WTO appeal is not the only avenue for action in this particular matter, however. Earth Island Institute and its fellow advocacy groups are lobbying for Obama to take the dispute to the presidential level and to address the matter under the North American Free Trade Agreement (NAFTA).
"We urge you to take diplomatic steps with the Government of Mexico to ensure it meets its responsibilities under NAFTA with respect to the US Dolphin Safe tuna label dispute," they said.
The NAFTA dispute between the US and Mexico has been running in parallel to the WTO's proceedings since 2009.
Washington contends that Mexico's decision to pursue the case at the WTO violates a NAFTA clause that allows the US, as the target of a case concerning matters addressed by both WTO and NAFTA rules on the protection of human or animal life or the environment, to choose to have the dispute considered solely under NAFTA procedures (NAFTA Article 2005) (see Bridges Trade BioRes 11 October 2010).
In 2010, the USTR requested that a NAFTA panel be established to rule on this claim. Unlike the WTO dispute, however, the NAFTA disagreement - at this stage - only concerns the appropriate choice of forum and not the substance of the trade spat.
The NAFTA process has stalled since the panel establishment in 2010, however.
Under NAFTA rules, panel composition can be blocked if no panel roster - which provides for a list of panellists that can be chosen from should parties be unable to agree on a panel - is in place. The last roster expired after three years; lately, Mexico has refused to nominate new candidates, thereby effectively blocking the panel composition.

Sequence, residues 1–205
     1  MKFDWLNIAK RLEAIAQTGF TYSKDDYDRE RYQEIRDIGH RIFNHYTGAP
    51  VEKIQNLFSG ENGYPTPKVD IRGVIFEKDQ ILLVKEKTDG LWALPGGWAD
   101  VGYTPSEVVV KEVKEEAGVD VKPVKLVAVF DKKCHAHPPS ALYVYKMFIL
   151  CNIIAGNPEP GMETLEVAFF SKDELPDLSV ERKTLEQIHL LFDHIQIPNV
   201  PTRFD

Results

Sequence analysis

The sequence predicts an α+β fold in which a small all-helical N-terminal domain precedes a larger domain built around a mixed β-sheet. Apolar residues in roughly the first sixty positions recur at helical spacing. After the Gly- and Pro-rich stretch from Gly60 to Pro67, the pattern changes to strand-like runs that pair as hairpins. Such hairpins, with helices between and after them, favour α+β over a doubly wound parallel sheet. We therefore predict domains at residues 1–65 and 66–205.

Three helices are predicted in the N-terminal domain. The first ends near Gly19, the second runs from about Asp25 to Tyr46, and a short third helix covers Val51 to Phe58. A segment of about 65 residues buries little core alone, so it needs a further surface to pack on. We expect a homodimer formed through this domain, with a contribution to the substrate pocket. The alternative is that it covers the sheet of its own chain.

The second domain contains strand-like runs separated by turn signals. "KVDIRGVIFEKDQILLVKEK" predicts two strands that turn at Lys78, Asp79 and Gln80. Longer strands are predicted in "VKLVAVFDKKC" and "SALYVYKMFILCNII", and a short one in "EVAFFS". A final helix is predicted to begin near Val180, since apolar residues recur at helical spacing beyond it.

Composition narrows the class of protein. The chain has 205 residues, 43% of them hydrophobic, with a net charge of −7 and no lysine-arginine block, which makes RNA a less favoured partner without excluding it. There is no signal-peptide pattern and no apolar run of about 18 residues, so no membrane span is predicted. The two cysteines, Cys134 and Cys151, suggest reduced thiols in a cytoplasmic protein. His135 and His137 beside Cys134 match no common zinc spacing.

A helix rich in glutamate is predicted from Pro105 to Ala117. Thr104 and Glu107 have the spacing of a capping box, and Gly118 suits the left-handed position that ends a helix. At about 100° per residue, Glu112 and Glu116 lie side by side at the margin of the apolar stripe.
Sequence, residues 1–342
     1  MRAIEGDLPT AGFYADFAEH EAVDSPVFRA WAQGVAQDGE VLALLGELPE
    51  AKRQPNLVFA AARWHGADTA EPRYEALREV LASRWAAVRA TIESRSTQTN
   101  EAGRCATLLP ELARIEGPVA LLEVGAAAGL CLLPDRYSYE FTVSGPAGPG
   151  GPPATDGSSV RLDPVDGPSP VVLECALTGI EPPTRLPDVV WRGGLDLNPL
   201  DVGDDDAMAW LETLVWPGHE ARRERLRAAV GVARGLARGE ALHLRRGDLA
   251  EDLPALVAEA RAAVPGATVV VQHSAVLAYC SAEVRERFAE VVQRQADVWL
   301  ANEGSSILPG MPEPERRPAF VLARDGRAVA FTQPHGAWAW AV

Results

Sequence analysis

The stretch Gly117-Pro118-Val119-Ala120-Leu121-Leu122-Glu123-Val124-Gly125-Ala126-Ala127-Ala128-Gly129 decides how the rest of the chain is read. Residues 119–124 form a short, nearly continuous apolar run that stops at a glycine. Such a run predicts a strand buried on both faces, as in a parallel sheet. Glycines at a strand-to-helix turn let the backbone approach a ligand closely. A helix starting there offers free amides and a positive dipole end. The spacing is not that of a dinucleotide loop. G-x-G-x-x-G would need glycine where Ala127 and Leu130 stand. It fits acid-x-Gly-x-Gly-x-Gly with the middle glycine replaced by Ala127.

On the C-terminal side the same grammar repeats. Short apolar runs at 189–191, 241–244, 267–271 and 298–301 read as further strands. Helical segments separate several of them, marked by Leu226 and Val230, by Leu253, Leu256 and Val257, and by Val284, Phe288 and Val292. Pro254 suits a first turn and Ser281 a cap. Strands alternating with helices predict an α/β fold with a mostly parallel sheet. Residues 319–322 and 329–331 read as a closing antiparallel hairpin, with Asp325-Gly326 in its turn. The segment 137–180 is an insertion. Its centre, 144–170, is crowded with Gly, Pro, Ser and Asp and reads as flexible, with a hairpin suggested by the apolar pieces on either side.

As a result, Washington has been left without any options under NAFTA. In previous situations, the US had made use of the very same procedural loophole to block disputes brought by Mexico.
"The resolution of this case is important in ensuring the integrity of the NAFTA choice-of-forum provisions and to preventing a dangerous precedent being set for future co-operation with the Government of Mexico in trade disputes," Earth Island Institute and its partner signatories stated in their letter.
As NAFTA continues to be blocked on the matter, however, an appeal at the WTO seems much more likely than any decision from the trilateral trade pact. This might also be in the interest of the global trade body, giving it the opportunity to address the matter of whether decisions by regional trade courts can bar a WTO member from making use of the adjudicative options provided at the WTO.
New Appellate Body members to be named at next DSB meeting
In other appeals-related news, the DSB is expected to appoint two new Appellate Body members at its upcoming meeting on 18 November.
Following the receipt of nominations from the US, India, and Pakistan this summer, the selection committee and interested country delegations have been conducting meetings with nominees over the past month. The selection committee shared its decision with member states on 7 November.
The decision now needs to be confirmed by the DSB; the appointment had originally been scheduled for Friday of last week.